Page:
What is more efficient on select – objects identified only by their ID, or by their ID + customer id?

All we need is an easy explanation of the problem, so here it is.

I have a collection of ~500K configurations. Each configuration belongs to a specific customer. There are up to a few hundreds of customers.

I want to store the configurations in a table, and it will be used in JOIN statements.
In the select query, there is always a condition on the customer id. It is always joined with the configurations table. Sometimes there is a condition on one or more of the columns in the configuration table.

I would like to know what is the better approach:

  • PK of the configurations table is customer id + configuration id. I will include the customer id condition also in the join clause.
  • PK of the configuration table is only configuration id.

I want to understand:

  • Should the presence of the customer id in the PK have major affect on performance?
  • Are there any disadvantages on using 2-column PK? Assuming there is ALWAYS a condition on the customer, so I will never query the configurations table on configuration-id only.

Thanks.

How to solve :

I know you bored from this bug, So we are here to help you! Take a deep breath and look at the explanation of your problem. We have many solutions to this problem, But we recommend you to use the first method because it is tested & true method that will 100% work for you.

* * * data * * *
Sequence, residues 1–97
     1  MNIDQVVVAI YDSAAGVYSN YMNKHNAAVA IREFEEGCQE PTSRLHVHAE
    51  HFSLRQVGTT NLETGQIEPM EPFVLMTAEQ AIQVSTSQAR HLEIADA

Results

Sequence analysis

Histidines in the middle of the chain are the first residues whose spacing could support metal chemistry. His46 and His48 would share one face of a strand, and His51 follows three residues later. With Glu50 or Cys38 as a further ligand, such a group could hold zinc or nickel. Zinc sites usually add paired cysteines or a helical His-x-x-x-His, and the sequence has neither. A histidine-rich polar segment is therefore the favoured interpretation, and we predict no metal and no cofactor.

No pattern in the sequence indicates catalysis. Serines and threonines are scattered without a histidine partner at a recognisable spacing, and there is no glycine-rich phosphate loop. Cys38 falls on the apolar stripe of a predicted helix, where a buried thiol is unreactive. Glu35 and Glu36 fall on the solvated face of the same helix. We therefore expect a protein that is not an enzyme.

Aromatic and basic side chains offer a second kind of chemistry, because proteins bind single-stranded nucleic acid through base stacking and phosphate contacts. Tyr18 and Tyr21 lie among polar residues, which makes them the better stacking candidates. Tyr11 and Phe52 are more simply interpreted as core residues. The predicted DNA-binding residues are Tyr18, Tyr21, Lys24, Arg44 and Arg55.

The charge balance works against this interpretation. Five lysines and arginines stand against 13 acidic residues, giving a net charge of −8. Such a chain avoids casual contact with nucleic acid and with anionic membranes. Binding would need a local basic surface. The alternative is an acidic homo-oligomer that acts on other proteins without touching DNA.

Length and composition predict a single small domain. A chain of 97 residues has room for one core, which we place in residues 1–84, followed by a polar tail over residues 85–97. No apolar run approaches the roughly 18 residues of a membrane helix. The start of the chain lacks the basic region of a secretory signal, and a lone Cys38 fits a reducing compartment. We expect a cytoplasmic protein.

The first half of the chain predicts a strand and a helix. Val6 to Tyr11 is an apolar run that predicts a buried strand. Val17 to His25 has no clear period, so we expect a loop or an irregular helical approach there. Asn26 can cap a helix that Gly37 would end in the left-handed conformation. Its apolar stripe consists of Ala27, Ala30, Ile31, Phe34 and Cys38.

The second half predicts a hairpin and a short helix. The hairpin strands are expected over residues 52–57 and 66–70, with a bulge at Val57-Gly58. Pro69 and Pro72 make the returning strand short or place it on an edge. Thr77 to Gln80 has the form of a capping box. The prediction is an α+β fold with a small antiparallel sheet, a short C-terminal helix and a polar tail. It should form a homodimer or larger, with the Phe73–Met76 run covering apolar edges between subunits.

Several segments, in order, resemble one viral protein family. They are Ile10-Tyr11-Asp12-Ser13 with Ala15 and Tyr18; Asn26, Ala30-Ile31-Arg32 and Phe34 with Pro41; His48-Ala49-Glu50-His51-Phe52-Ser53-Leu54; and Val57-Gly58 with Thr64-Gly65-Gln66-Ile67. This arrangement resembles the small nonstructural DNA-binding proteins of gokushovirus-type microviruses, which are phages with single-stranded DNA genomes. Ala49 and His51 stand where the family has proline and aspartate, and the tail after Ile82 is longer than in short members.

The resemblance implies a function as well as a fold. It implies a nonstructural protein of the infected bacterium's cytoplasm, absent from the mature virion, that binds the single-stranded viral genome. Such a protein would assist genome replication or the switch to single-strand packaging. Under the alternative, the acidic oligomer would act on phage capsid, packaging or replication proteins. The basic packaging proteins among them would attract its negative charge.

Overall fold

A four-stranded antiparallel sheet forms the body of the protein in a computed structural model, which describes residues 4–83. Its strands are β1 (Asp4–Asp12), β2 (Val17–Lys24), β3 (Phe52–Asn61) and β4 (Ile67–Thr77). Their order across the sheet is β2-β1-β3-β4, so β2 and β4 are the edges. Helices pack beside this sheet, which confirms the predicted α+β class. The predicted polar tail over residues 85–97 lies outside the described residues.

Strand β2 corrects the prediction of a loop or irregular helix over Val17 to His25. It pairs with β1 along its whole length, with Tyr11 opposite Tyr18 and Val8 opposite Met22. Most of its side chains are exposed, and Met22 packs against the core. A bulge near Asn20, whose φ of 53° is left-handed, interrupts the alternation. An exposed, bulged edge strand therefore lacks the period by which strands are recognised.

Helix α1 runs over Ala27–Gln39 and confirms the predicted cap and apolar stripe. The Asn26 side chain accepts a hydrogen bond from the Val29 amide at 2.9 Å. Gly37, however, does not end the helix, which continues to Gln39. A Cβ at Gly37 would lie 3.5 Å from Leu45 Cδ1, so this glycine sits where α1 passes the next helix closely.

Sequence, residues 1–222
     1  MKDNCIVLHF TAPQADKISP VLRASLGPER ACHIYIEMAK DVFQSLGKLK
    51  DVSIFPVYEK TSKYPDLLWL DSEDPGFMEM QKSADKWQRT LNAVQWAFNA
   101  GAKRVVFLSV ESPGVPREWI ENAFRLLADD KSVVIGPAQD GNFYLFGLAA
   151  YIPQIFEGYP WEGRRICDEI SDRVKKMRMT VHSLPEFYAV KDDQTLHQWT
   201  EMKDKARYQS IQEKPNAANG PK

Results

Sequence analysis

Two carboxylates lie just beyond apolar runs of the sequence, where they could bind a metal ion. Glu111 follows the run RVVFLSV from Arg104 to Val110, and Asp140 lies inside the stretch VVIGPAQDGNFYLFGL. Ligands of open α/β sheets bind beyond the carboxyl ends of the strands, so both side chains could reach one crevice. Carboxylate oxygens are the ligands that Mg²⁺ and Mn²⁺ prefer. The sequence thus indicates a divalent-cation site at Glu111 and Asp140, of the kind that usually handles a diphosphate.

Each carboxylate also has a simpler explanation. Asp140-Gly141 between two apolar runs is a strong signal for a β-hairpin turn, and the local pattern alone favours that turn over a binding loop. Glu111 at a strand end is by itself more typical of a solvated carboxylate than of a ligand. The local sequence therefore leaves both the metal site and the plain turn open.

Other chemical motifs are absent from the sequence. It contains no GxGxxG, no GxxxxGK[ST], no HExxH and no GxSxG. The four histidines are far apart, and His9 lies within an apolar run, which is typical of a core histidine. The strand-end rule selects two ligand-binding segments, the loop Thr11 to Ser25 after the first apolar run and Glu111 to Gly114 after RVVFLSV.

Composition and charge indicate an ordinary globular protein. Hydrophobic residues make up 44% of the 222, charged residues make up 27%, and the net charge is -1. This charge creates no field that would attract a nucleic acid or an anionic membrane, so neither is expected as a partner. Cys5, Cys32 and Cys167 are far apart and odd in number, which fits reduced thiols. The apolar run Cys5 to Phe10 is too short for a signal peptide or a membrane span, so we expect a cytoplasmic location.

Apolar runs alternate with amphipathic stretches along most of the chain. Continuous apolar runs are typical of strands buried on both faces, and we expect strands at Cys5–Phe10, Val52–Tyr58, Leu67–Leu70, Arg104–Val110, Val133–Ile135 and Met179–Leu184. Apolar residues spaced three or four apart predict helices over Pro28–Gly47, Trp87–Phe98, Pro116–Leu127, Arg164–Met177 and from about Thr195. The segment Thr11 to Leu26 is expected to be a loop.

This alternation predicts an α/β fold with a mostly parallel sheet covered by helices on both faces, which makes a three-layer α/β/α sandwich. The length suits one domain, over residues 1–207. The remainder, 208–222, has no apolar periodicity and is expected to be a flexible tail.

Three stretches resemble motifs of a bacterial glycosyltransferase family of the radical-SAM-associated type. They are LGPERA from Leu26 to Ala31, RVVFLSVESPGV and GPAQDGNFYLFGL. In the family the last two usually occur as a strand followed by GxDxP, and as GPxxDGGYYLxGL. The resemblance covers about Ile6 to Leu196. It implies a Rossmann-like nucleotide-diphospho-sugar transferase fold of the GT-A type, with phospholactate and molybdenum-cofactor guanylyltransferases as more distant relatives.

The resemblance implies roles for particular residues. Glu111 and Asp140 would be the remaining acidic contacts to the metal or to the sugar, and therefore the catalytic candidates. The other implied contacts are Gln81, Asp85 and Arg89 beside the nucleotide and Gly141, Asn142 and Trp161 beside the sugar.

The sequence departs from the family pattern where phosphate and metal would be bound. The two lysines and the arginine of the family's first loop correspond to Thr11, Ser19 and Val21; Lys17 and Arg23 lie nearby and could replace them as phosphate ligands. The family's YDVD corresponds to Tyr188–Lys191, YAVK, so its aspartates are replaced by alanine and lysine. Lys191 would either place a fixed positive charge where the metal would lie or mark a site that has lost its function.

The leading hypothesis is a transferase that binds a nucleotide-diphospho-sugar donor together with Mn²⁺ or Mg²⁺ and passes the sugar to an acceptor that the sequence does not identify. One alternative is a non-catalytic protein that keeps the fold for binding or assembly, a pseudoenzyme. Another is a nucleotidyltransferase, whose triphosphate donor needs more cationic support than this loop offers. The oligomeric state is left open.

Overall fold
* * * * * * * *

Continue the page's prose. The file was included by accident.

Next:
Method 1

Q: Should the presence of the customer id in the PK have major affect on performance?

A: Doing so will result in PostgreSQL creating a B-Tree index sorted on both the configuration_id and customer_id, which would help ensure your queries receive the most optimal execution plan, when you’re querying on both fields. This is known as a covering index. So yes, the affects on performance are usually beneficial ones.

Q: Are there any disadvantages on using 2-column PK? Assuming there is ALWAYS a condition on the customer, so I will never query the configurations table on configuration-id only.

A: No there is nothing inherently wrong with a two column Primary Key. But keep in mind, the main goal of the Primary Key is to ensure uniqueness of that Table. It is only a secondary benefit that PostgreSQL creates an index on the Primary Key.

Therefore if you’re breaking the uniqueness that makes logical sense of your data by adding another column to the Primary Key then you shouldn’t do that. Instead you should add your own secondary index on both columns.

In your case, it sounds like you’d want the data uniqueness to be dependent on customer_id as well, so you’re probably fine to just include it in the Primary Key.

Note: Use and implement method 1 because this method fully tested our system.
Thank you 🙂

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